(D-) How do you make fun of something that was already dangerously close to self-parody? Badly, in turns out, in an alleged "300" spoof that finds 13 strapping warriors (led by erstwhile TV Hercules Kevin Sorbo) attempting to defend their homeland from invading Persians — and a few dirt-cheap laughs. Sean Maguire, "Borat’s" Ken Davitian and Carmen Electra round out the cast of a movie that wallows in the slop it denigrates, making it virtually indistinguishable from its dopiest targets. (94 min.) PG-13; crude and sexual content, profanity, comic violence.

MICHAEL CLAYTON

(B+) One man’s corporate failure is another man’s moral triumph in this thriller from writer-director Tony Gilroy, about an elite law firm’s world-weary fixer (Oscar nominee George Clooney), who’s had it with cleaning up behind-the-scenes messes. Fellow nominees Tom Wilkinson and Tilda Swinton anchor the ace supporting cast. (120 min.) R; profanity, including sexual dialogue. (C.C.)

NO COUNTRY FOR OLD MEN

(A) The Coen Brothers, Joel and Ethan, get back to basics with an instant-classic adaptation of Cormac McCarthy’s novel of the wild New West, which finds deadpan humor on the blood-soaked trail of a crime spree gone wrong, as a good ol’ boy (comeback kid Josh Brolin) finds $2 million at the site of a botched drug deal — and finds himself on the run from a spectral psycho killer (a stunning, Oscar-nominated Javier Bardem). Tommy Lee Jones rounds out the superb starring trio as a sheriff who wonders where the code of the West went. (122 min.) R; strong graphic violence, profanity, nudity. (C.C.)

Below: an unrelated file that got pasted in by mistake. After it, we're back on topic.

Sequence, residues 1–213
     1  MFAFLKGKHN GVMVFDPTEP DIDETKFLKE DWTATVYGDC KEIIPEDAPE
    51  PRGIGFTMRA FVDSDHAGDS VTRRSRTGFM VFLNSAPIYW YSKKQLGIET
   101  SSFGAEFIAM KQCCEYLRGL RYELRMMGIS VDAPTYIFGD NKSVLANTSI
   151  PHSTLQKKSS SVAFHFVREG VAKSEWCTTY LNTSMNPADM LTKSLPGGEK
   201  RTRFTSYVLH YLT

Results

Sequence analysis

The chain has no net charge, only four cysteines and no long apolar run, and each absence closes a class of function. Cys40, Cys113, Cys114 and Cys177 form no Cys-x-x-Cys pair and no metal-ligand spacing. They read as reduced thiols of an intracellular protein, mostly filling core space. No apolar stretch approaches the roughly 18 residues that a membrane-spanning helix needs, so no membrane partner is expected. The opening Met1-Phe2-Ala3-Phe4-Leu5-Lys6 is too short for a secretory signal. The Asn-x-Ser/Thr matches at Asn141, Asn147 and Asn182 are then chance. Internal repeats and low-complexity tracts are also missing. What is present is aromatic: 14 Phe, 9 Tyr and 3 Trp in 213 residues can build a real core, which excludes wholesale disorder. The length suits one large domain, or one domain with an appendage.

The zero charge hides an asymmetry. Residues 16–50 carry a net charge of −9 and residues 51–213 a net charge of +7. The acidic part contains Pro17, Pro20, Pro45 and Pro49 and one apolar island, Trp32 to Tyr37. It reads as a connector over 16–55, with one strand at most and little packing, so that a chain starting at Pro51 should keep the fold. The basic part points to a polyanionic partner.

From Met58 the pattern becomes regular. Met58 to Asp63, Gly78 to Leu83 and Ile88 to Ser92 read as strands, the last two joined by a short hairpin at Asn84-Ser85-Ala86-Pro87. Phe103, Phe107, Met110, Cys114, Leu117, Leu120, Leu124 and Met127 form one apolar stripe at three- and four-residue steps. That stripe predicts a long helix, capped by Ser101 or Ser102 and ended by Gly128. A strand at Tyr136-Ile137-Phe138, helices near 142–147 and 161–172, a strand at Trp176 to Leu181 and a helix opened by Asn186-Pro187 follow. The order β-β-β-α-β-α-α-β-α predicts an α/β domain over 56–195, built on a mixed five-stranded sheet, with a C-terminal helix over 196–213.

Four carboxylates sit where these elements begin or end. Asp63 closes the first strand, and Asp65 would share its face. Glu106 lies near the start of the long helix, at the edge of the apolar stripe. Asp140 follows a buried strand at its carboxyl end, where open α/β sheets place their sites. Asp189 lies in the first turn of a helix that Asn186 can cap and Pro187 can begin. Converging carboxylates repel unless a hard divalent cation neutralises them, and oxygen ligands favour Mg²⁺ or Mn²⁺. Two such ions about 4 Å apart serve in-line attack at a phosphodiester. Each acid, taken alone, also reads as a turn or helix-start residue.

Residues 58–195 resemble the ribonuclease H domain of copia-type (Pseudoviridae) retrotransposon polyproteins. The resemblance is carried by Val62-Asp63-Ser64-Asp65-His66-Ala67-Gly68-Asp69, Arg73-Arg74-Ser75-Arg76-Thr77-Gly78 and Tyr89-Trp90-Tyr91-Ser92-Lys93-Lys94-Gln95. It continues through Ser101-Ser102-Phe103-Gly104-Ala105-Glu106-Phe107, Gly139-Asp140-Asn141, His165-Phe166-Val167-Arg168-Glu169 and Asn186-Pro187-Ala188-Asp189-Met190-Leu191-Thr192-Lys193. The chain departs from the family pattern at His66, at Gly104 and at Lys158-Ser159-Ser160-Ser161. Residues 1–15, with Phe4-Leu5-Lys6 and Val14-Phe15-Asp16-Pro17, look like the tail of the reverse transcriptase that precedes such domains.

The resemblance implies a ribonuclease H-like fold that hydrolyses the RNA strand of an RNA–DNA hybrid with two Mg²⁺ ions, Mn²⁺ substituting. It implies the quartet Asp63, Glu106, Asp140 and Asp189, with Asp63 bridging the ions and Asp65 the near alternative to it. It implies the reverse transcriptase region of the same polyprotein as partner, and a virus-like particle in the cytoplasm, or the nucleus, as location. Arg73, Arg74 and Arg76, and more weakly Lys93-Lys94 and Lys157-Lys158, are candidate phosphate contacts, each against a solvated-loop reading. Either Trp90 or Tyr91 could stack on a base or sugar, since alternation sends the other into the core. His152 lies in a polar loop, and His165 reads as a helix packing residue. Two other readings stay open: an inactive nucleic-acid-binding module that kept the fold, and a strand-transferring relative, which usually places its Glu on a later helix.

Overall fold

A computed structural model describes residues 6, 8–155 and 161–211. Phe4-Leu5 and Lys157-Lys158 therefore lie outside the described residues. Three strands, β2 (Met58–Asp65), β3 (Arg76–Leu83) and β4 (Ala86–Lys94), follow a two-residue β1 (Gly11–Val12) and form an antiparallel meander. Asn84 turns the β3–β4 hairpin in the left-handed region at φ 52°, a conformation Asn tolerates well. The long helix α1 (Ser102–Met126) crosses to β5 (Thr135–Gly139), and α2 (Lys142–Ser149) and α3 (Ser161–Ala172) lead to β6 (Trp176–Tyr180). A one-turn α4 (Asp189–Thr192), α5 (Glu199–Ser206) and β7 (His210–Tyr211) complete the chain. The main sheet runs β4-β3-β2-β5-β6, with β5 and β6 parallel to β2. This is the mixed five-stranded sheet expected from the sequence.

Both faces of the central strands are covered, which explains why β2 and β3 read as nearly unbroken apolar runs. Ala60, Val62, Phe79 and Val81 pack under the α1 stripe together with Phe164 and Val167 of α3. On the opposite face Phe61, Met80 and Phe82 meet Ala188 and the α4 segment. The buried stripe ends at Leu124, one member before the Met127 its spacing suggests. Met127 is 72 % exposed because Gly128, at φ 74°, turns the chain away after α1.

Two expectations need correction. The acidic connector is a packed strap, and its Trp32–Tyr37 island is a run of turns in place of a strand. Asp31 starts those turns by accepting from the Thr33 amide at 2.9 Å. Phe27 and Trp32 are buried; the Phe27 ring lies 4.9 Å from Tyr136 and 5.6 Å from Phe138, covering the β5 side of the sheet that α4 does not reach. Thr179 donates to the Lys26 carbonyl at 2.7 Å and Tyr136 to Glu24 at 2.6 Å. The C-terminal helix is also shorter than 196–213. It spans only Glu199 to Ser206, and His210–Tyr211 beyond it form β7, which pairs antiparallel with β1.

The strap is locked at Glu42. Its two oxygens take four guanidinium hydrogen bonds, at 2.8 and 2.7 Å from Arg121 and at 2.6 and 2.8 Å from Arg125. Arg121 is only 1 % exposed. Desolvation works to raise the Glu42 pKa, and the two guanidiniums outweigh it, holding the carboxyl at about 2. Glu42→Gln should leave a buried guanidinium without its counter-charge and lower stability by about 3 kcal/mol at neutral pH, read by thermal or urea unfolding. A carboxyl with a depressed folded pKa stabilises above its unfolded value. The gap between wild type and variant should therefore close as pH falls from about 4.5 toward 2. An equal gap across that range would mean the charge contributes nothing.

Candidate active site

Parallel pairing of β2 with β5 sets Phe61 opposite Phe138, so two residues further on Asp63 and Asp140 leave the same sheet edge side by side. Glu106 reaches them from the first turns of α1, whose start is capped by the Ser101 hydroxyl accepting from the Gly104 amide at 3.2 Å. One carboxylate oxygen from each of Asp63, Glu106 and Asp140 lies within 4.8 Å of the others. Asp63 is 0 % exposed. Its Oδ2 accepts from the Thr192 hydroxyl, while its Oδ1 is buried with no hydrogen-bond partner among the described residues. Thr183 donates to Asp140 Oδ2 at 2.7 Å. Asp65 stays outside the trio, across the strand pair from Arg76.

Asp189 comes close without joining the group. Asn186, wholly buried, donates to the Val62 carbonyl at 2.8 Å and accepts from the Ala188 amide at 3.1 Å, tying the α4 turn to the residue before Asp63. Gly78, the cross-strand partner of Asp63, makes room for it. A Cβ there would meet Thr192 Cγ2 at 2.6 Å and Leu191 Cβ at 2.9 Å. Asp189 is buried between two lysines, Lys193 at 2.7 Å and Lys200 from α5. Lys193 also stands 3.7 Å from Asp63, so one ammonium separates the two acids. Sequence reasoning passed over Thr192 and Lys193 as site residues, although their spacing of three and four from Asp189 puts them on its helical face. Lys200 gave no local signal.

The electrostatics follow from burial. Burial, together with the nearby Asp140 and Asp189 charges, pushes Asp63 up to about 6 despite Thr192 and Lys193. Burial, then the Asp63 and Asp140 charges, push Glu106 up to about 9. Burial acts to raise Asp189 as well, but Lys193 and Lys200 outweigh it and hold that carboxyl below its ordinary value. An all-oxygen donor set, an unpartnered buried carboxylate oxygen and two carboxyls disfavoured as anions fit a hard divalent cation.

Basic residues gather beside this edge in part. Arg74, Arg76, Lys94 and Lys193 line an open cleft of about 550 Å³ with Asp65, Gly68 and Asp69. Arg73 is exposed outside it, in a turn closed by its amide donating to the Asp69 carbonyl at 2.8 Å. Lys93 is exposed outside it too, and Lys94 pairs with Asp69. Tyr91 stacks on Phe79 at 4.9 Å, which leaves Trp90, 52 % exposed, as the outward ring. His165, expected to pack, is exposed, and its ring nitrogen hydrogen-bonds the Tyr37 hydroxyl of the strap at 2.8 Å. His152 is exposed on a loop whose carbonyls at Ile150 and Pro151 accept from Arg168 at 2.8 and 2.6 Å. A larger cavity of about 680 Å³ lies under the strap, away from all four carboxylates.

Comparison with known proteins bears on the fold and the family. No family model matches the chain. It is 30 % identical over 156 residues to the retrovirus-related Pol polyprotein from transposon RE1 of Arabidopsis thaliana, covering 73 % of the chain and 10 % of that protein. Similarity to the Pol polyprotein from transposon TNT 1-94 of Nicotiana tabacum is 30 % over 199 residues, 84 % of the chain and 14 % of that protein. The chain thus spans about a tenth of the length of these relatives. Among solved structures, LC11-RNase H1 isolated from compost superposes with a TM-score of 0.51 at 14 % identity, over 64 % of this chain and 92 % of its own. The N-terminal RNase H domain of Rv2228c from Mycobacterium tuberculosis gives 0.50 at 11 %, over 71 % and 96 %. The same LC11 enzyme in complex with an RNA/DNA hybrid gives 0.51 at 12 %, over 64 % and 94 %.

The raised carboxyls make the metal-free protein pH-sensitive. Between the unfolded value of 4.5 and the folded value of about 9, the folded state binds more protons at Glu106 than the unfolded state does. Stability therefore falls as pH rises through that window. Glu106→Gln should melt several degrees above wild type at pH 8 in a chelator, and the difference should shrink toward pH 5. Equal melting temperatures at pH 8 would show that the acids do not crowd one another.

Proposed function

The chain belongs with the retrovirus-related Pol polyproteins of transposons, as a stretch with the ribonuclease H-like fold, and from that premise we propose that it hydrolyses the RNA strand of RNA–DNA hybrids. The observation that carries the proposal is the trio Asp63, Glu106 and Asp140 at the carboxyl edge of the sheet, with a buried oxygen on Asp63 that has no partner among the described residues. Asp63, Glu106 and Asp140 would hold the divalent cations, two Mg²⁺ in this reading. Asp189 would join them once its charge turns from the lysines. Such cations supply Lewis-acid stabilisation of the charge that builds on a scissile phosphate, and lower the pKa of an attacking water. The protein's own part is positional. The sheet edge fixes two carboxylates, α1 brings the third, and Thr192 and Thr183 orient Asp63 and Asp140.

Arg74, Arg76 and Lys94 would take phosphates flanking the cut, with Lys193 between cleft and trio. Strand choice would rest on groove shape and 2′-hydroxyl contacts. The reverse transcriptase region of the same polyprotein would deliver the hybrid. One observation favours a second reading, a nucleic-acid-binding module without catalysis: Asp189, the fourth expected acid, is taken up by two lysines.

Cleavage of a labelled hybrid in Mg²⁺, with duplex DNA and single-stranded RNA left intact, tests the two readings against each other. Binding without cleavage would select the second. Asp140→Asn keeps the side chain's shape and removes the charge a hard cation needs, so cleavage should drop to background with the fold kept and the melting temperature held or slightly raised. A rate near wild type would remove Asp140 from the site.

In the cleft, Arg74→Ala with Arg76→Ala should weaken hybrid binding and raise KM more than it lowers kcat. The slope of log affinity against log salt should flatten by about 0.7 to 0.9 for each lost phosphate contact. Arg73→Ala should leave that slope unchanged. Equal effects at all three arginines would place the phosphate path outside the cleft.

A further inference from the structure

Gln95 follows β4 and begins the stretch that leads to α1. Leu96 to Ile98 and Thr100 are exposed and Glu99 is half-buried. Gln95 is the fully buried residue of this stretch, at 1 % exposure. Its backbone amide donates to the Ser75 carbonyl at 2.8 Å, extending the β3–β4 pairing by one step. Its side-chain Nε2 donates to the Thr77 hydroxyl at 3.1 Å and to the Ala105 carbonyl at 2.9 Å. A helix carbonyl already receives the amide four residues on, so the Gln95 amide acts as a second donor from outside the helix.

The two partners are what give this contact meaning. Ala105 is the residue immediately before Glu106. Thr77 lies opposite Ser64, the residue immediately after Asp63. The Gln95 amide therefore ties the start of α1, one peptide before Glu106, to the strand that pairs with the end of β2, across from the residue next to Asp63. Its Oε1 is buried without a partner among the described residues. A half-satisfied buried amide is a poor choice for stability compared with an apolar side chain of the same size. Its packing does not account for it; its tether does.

THE ORPHANAGE

(B) A young woman ("The Sea Inside’s" Belen Rueda) returns to the orphanage where she lived as a child, only to find herself pulled back into her past when her young son (Roger Princep) disappears — after playing with what she presumed were imaginary playmates. This atmospheric Spanish ghost story is never less than engaging and genuinely frightening in places. But the big payoff (like the big payoff in "The Sixth Sense," a film it resembles) never comes. In Spanish with English subtitles. (100 min.) R; disturbing content.

OVER HER DEAD BODY

(D) Dead on arrival: The ghost of a control-freak Bridezilla (Eva Longoria Parker) who dies in a freak wedding-day accident tries to sabotage the blossoming romance between her grieving fiancé (Paul Rudd) and a ditzy psychic (Lake Bell) in a deadly supernatural comedy (make that attempted comedy) that’s both boring and annoying. It’s not the dead body you have to worry about in "Over Her Dead Body." It’s the dead brain cells — yours. (95 min.) PG-13; sexual content, profanity. (C.C.)

P.S. I LOVE YOU

(C+) A young widow (tearfully gallant Hilary Swank) tries to rebuild her life, following instructions left by her late husband ("300’s" Gerard Butler). Swank’s "Freedom Writers" director, Richard LaGravenese tries to cool down the mostly overheated farrago of sentiment, self-help and romantic cliché that marks this seven-hankie weepie featuring Gina Gershon, Kathy Bates, Lisa Kudrow (will someone please give this woman her own movie already?) and Harry Connick Jr. (126 min.) PG-13; sexual references, brief nudity.

PERSEPOLIS

(A) An Oscar nominee for best animated feature, this adaptation of Marjane Satrapi’s autobiographical comic-book series — in basic black-and-white — chronicles the coming-of-age of a precocious Iranian girl in the wake of the 1978 Islamic revolution. A riveting odyssey in pictures and words, it’s as universal as a coming-of-age story and as unique as a fingerprint: whorled, intricate, endlessly fascinating and indescribably touching. In French with English subtitles. (95 min.) PG-13; violent images, sexual material, profanity, brief drug references.

THE PIRATES WHO DON’T DO ANYTHING: A VEGGIETALES MOVIE